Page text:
I look at that as something that was very important but not necessarily a continuum. We see the same thing that has happened, as we're educating and training providers or healthcare professionals — MDs, nurse clinicians, etc. — that people are doing spotty work with trying to increase the diversity in the classroom, but they need to understand that it can't just be on the backs of the HBCU medical schools. We need all of the medical schools — all 150-plus — to be committed to diversification of the healthcare workforce. And why is that? Because the data have shown that when you have race concordance, gender concordance, and cultural concordance between the provider and the patient, you have improved outcomes, and those improved outcomes come about because of trust and people being willing to take the advice of their provider and adhere to the recommendations. And it also leads to the opportunity for providers to learn from their patients how to co-create new solutions that align with meeting the patient where they are. And so that cultural competence also includes cultural humility, the ability to be willing to learn from someone who you are trying to provide benefit to. I think the COVID-19 pandemic showed us that we really do need this, this diversity of the healthcare workforce, if we are going to change the hearts and minds of individuals that we're trying to care for.
Whyte: I want to push you a little more on this issue of people of color in the health professions because we just can't turn the spigot on, like we've talked about, and have them come out. Over your time here at Morehouse School of Medicine, you've increased enrollment significantly, but as you said, it can't just be one person in one institution. I want to read you some statistics: The most recent percentage of Black men among medical school graduates has been 7% — 7%!
Montgomery Rice: For the past 15 years.
Whyte: Yes. Now it's slightly improved, partly because of some of the efforts that you've talked about in terms of matriculants (those people that have enrolled) — 11%. But there's something that people aren't talking enough about that I want to hear your thoughts on. If we look at the number of people of color, particularly Black men, in surgical specialties — let's take orthopedics — to find a man of color as an orthopedic surgeon is a rare bird.
Montgomery Rice: It's rare.
Whyte: Does it make you mad?
Montgomery Rice: No, it doesn't make me mad; it makes me anxious to do more. If you look at any of the surgical specialties or inpatient opportunities in ER or anesthesiology, it's less than 5% people of color — less than 5%, for sure, African American. And that is because, John, there is clear bias in how we select residents, people who finish medical school and go into residency training. Now, have we tried to put forth efforts to eliminate some of that bias? Yes. And one of the things that we started 2 years ago was to make USMLE Step 1 pass/fail, because many people had used that as the gateway to determine whether or not people could go into some of the surgical specialties. That's no different than what we see with the MCAT and GPA for people getting into medical school.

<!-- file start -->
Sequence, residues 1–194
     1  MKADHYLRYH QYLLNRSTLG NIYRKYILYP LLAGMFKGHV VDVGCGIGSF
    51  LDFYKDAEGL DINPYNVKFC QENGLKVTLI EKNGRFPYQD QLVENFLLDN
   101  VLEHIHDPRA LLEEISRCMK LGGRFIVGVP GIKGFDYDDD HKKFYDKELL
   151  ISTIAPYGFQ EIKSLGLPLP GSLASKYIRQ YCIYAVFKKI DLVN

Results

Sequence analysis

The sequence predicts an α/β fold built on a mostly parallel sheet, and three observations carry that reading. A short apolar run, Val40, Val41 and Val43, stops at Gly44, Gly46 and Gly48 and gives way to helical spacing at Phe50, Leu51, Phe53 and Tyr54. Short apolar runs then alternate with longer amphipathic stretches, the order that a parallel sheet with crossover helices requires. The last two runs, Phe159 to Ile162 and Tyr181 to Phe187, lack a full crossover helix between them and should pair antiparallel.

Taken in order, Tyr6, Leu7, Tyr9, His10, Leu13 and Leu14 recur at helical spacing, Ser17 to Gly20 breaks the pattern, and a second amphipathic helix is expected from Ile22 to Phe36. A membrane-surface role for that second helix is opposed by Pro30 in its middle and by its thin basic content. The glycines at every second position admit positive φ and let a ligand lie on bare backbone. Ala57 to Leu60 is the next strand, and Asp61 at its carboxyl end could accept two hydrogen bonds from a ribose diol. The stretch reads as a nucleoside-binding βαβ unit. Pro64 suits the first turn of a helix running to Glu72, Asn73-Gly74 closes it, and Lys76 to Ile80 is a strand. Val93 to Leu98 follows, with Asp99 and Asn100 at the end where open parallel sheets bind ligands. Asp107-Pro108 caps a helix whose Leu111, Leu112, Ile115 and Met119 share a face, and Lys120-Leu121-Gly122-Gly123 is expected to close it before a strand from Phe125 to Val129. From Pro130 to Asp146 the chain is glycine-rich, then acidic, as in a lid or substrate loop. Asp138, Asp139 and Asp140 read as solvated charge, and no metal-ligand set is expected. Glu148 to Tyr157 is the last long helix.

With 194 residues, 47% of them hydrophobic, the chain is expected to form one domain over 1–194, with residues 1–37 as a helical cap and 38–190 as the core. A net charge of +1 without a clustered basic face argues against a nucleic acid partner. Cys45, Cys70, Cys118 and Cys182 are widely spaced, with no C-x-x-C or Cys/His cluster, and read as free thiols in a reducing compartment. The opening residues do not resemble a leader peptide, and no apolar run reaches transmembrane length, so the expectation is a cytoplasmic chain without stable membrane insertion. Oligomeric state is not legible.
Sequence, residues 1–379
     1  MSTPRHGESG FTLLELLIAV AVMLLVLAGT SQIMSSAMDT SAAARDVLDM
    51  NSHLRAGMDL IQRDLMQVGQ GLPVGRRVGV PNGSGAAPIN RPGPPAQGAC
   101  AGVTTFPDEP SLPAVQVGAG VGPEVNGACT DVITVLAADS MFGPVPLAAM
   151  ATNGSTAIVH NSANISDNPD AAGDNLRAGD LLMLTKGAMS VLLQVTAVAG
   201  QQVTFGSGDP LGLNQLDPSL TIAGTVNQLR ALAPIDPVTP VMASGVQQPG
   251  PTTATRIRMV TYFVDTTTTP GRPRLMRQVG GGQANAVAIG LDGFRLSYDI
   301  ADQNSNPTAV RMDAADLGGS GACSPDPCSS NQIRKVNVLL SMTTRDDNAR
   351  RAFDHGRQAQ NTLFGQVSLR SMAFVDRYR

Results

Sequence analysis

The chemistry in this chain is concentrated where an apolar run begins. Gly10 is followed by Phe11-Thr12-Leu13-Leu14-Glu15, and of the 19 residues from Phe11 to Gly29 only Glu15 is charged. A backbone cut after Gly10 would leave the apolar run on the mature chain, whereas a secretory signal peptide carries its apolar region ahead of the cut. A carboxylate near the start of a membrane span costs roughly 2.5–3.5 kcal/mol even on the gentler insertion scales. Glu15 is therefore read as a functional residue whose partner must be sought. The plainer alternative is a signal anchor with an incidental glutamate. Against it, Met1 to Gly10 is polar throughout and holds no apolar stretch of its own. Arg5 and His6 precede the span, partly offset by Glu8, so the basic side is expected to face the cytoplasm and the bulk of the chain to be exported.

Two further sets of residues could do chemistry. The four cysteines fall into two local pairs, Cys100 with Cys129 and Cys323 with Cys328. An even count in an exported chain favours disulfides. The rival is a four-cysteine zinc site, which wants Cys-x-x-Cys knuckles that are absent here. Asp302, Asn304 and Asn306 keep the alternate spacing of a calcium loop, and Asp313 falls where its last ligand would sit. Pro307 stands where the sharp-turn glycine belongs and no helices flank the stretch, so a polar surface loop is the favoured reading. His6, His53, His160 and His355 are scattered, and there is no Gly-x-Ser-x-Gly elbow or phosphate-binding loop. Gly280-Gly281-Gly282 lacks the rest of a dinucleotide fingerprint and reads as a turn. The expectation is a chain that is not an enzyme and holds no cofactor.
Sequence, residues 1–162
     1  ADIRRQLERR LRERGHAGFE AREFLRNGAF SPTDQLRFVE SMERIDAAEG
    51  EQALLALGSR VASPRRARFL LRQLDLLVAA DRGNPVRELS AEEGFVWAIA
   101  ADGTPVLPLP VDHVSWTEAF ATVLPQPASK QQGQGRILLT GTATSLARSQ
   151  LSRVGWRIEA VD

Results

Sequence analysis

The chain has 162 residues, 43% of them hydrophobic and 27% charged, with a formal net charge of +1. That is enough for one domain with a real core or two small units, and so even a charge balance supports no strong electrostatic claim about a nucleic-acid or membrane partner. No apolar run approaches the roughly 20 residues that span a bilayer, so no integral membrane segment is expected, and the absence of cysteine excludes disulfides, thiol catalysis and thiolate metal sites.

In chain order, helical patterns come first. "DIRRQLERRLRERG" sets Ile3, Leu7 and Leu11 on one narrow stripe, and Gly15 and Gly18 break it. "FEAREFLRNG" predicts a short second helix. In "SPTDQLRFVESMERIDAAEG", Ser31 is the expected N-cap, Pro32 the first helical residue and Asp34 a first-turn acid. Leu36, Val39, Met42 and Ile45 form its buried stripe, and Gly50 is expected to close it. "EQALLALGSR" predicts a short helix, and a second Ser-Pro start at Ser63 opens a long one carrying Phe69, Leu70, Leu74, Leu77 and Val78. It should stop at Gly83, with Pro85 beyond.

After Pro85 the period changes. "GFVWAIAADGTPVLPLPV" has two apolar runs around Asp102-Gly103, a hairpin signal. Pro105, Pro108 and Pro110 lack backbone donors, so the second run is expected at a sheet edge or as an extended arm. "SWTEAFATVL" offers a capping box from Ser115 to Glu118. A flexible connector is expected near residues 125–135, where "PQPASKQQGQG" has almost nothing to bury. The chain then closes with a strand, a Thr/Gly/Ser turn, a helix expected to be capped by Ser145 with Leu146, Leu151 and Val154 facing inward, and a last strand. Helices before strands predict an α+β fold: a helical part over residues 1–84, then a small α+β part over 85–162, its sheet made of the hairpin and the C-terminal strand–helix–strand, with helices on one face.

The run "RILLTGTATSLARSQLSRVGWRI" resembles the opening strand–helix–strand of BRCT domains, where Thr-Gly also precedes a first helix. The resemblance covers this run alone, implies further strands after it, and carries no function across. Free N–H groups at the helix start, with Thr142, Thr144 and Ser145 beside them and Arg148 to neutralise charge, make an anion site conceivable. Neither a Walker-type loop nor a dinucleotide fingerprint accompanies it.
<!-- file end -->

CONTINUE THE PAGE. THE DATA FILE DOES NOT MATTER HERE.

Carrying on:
One of the great things that we do at Morehouse School of Medicine is shift the curve; we get on average 7500-9000 applications a year for 125 slots. So, John, if we chose to, we could select everybody with a 4.0 GPA and MCAT scores in the 90th or 95th percentile, but that may not align with our mission or our vision of leading the creation and advancement of health equity. So, what do we do? We take academically diverse students. Many of those students are first-generation college students, many of those students may come from challenging households, many of those students may come from underserved rural communities. We take those students and within 2 years we can shift the curve. And what do I mean by that? When you look at their Step 1 pass rates or scores compared with other students who came in with these high GPAs and came from these affluent families, they are doing just as well.
Whyte: Alright. Well, let's talk about success. And let's use Dr. Valerie Montgomery Rice as our example. Here you are, a woman of color, went to Harvard Medical School — not many women of color, and there were not many people of color in general at the time that you went — became an expert in infertility. Again, not the typical field where you see lots of people of color. Since I've known you for a long time, I want to brag for you: Your portrait hung in the National Portrait Gallery as part of The Black List of successful people of color. Why have you succeeded?
Montgomery Rice: I have succeeded because I have always had a strong support system, which started with my mother, who was a single parent of four girls, who left my father from an abusive relationship because she wanted something different for her girls. But also because we had a network of church members and others who supported us. And throughout my career, I have had mentors and sponsors who saw something in me that I sometimes didn't see in myself, and they helped create an opportunity for me to be successful. Now, the other thing is that Valerie Montgomery Rice works hard. Hard work has never bothered me; it is something that I believe is necessary in order to become an expert. The third thing is that I've always been open to listening to others, to gain insight on what's possible. And if you can humble yourself enough to be able to ask a question when you're sitting across from somebody, you're going to be amazed at the information that they will share once they become comfortable that you are aligned in seeking an opportunity to learn from them. And it also then leads to greater success for you.